New York Daily News: Cuomo Agrees To Restore $2.6M Budget Slot For Prison Visitation After Outcry Over His Proposal To Cut Back Days
THURSDAY, MARCH 30, 2017

The Daily News reported yesterday that Governor Cuomo will abandon his proposal to slash the number of family visits allowed at maximum security prisons amid strong pushback from Legislators and advocates alike.




New York Daily News
Cuomo Agrees To Restore $2.6M Budget Slot For Prison Visitation After Outcry Over His Proposal To Cut Back Days
By Glenn Blain & Kenneth Lovett
March 29, 2017

Gov. Cuomo has backed off a proposal to slash the number of visitation days the families of inmates at maximum security prisons would be allowed, a key lawmaker said Wednesday.

Cuomo as part of his state budget proposal in January angered prisoner advocates by proposing to cut the number of days in which visits are allowed at maximum-security state prisons to three days a week, down from seven.

But after an outcry from those in the prison community and lawmakers, Cuomo during budget talks with the legislative leaders agreed to restore the $2.6 million to fund the 39 positions needed to allow visitations every day, Assembly Corrections Committee Chairman David Weprin (D-Queens) said.

"I want to praise the governor for doing the right thing," Weprin said. "I think he heard from a lot of people and realized it doesn't make sense."

The agreement to restore visitation came as Cuomo and legislative leaders worked Wednesday to reach an overall budget agreement before Saturday’s start of New York’s fiscal year.

“All parties need to be happy for there to be a budget and we're still in the midst of those discussions,” said Assembly Speaker Carl Heastie (D-Bronx).

Lawmakers said they were nearing completion of a deal to raise the age that a teen can be charged as an adult from 16 to 18. Under the proposal being discussed, youths charged with misdemeanors and other non-violent offenses would be diverted to Family Court while those charged violent crimes would be handled by a special youth court created within the criminal court system.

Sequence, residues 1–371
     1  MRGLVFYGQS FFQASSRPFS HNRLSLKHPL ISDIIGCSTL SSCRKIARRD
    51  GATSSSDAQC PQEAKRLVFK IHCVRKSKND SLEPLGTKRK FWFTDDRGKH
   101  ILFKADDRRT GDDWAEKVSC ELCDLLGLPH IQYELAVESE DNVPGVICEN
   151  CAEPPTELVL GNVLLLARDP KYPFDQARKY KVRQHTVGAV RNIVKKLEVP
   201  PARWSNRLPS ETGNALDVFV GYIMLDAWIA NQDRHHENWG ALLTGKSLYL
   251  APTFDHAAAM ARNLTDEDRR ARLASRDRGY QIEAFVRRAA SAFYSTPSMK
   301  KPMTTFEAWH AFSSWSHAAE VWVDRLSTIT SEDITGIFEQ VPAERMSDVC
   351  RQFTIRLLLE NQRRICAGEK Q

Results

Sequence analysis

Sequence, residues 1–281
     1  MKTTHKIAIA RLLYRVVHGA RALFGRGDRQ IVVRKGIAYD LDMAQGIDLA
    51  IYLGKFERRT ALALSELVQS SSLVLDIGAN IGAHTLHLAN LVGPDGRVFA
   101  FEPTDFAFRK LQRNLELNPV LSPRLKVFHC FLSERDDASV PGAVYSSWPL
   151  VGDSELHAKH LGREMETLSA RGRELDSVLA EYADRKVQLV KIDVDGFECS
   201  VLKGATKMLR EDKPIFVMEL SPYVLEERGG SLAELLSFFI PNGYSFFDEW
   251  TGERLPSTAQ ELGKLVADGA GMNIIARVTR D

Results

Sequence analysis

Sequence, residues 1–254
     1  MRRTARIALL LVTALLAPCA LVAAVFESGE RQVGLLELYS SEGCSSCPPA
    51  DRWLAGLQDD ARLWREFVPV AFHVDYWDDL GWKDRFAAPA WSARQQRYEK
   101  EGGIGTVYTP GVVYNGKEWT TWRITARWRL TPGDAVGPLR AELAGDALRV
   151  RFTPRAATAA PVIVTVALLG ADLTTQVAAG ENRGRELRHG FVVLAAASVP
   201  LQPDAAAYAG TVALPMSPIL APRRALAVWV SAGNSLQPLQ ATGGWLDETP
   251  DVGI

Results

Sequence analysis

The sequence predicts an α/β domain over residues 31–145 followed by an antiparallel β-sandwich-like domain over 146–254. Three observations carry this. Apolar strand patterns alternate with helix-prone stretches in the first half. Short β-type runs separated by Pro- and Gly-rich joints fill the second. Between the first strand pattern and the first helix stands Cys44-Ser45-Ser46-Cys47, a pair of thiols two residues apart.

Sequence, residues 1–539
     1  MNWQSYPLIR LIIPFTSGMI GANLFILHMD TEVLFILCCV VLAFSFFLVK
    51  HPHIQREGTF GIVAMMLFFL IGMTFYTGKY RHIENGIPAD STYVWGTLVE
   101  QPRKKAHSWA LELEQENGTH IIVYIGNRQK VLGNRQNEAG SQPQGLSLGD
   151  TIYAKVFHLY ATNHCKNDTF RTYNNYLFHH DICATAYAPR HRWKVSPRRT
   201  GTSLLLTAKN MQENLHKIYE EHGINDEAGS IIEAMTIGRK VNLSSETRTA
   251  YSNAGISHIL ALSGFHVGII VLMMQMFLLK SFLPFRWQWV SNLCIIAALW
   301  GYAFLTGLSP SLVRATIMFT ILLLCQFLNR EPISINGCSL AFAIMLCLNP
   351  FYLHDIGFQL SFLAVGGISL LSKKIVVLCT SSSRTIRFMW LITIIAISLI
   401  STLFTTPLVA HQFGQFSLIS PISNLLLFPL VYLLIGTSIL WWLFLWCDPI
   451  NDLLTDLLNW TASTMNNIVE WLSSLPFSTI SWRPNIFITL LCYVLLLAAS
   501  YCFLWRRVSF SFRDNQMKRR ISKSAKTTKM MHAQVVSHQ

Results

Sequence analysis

“I am very confident we can all come together and get something done,” said Bronx Sen. Jeff Klein, leader of the Independent Democratic Conference.

Lawmakers also reported near agreements on a new bond act to fund water system upgrades and a measure to allow ride sharing in upstate cities.

Critics, however, said the proposed measures did not go far enough.

"As more potential budget deals are learned, it is becoming increasingly clear that certain progressive issues are being left behind,” said Senate Democratic Leader Andrea Stewart-Cousins (D-Westchester County). “This is what happens when a Trump Republican minority is empowered to run the State Senate. Priorities like Raise The Age and education aid are being watered-down, while issues like ethics reforms and the DREAM Act are being forgotten completely. It is not too late to address these progressive issues and include real action in the State Budget."

Meanwhile, agreements on others — including an extension of New York’s expiring millionaire’s tax, workers compensation reform and funding for charter schools — remained elusive.

“We have two days of eternity (remaining),” Heastie joked to reporters.

If an agreement isn’t reached by Saturday, Cuomo has threatened to introduce short-term budget extenders that would keep the government operating. Such a move, he argued, would give the state more time to react to cuts in federal aid that are likely under President Trump and congressional Republicans.

Tina Luongo, of the Legal Aid Society, praised the decision to restore prison visitation, saying Cuomo' plan would have only served to penalize families trying to visit loved ones.

"These visits often serve as the only connection inmates have with the outside world," Luongo said. "They're fundamental for reentry back into society, and Albany should actually look for ways to increase access at medium-security prisons which were cut a few years ago."

In initially proposing the measure, Cuomo had said it would treat visitations at maximum security prisons more closely with what's done at medium security facilities. Cuomo's budget office had said that weekend visitations are the most popular for families traveling long distances and the change, along with an expanded use of video conferencing, would be a more efficient use of taxpayer dollars.



This article originally appeared in The New York Daily News.